Trey: And silly enough to reflect its substance! Because this is in many ways a very silly episode. As silly as "The Golden Cobra," but more enjoyable. It possesses a similar Batman tv show "high camp" quality from Loveless showing up dressed in a cowboy outfit, to the faux tranquil Indian village set-up within the house, and of course, the whole shrinking thing.

Jim: It is a bit silly in places, but I did like the playful bit where Jim and Artie give Loveless advice on how to wear his cowboy hat. 

Trey: Our heroes really do have a bit of fun at Loveless's expense this episode. That part was good, but my favorite is the dinner where Loveless reveals his plan and  the shrunken West just flatly says "It won't work."

Jim: That whole scene is hilarious! "Night of the Bad Motivational Speaker."

Trey: Yeah, people sometimes complain about Conrad's flat delivery, but this scene it just really comes off as he is just weary of Loveless and his antics.

Speaking of "shrunken," we had a super-speed formula before, but that episode tried to convince you of it's plausibility. This one just assumes you will go with it. In fact, it contradicts its own previous, thin veneer of rationalization. Antionette is said to have sewn their tiny clothes, but when they are enlarged, their clothes enlarge with them!

Jim: Yeah, I wonder why they even brought attention to it?

Trey: The shrunken people sets and special effects are quite good for television of the era, though. Land of the Giants was still was 2 years away, so this episode may have been pioneering for TV.


Jim: I did like the addition of the Indian Princess Wanakee, too. It was refreshing to see her pushback with James.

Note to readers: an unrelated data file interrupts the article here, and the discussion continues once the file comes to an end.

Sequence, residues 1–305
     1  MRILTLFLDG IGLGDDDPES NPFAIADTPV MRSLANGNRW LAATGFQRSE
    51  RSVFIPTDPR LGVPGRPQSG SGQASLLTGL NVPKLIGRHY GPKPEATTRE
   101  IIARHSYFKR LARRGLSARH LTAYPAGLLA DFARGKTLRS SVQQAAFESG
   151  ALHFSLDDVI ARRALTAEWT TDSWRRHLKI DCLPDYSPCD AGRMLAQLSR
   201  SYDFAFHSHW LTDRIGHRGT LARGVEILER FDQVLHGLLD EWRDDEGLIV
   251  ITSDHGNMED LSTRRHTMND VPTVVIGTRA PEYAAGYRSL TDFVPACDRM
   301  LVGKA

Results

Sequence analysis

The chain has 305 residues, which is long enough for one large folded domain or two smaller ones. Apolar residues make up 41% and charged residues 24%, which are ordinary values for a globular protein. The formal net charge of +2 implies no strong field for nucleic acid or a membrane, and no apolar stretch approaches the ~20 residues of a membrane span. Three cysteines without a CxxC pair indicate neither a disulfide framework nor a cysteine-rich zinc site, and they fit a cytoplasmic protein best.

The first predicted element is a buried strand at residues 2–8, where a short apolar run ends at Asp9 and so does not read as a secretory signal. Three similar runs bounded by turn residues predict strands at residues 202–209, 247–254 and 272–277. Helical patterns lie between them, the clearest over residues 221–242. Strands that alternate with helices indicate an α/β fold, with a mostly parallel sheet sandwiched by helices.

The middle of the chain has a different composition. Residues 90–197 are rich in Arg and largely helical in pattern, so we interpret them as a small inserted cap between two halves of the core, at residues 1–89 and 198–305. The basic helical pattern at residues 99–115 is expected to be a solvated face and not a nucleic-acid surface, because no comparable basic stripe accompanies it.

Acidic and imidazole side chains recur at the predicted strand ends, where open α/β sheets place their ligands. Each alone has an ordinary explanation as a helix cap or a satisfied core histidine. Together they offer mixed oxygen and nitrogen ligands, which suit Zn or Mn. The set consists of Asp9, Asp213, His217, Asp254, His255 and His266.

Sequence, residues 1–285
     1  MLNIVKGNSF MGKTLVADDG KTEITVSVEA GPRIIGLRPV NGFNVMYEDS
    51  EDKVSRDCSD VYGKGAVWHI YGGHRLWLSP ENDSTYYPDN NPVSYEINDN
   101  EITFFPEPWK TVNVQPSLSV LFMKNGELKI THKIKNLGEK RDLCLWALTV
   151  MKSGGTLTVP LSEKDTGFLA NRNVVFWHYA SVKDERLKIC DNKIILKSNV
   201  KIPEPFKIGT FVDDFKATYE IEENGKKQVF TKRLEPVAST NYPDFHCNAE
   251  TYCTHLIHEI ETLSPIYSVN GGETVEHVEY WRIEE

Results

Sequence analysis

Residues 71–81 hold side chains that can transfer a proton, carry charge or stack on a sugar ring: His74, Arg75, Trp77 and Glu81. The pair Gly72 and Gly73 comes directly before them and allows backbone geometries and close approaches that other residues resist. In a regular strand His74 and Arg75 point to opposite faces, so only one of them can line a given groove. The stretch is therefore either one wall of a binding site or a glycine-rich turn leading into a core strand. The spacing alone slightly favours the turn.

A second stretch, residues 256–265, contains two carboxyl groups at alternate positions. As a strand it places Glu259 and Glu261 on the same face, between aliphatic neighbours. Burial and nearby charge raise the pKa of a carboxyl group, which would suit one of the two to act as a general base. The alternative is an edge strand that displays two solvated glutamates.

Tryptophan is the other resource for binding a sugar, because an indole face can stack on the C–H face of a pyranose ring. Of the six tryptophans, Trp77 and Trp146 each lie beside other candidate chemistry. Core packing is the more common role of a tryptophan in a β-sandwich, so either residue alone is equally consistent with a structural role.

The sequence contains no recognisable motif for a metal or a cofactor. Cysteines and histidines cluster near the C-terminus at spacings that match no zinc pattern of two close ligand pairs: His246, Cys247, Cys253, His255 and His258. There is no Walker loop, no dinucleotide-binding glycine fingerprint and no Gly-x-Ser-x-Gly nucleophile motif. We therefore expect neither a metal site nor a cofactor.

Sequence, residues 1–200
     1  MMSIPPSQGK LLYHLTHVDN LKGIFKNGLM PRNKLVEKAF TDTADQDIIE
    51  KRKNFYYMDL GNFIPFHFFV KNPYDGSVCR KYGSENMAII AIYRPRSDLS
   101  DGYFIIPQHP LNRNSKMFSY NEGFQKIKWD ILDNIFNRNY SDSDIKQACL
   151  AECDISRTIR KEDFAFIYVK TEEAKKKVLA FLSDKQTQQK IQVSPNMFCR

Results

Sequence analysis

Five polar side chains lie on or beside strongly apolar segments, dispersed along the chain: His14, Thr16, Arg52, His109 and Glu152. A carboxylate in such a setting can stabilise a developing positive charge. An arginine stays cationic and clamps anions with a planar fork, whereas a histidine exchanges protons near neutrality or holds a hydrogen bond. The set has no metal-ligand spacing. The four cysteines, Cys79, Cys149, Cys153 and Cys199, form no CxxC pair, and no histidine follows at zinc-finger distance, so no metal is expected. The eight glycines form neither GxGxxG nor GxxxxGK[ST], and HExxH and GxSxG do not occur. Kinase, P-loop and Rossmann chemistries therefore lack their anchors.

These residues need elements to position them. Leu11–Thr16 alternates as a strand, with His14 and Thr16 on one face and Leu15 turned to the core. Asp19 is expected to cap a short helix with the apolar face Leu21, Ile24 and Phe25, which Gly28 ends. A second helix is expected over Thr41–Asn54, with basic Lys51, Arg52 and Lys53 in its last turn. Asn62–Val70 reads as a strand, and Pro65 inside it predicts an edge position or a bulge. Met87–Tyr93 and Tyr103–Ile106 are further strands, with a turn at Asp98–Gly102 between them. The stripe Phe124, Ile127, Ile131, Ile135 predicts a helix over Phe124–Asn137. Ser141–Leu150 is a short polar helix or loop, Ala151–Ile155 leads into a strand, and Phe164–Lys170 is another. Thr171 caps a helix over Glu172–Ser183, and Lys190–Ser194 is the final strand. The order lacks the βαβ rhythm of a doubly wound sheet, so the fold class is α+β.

Trey: She is certainly atypical of female guest stars, though not unprecedented.

It feels like they have to pad the length of this one a bit to keep costs down, maybe due to all the special effects. We've got two scenes of Loveless cackling evilly and pointing out "this serum is the key to saving West. He only needs one drop, but I won't give it to him!" Which is probably two scenes more than we need to establish the existence of an antidote.

Also, This is perhaps the least detailed of Loveless' plans (and that's saying something). How is one Indian tribe on the rampage going to bring about the end of civilization exactly? Does he plan to use his shrinking formula to aid this? If so, what's his plan to distribute it?

Jim: I think at this point in the show, the writers felt comfortable with handwaving the greater threat because they felt the tone and focus of the show had changed.

Trey: That's probably true. I can hear them in the voice of Robert Conrad saying: "Look, Loveless has another crazy plan. Don't worry about the details because it won't work."

Thursday, October 15, 2020

Revisiting the Wild Wild West: The Night of the Golden Cobra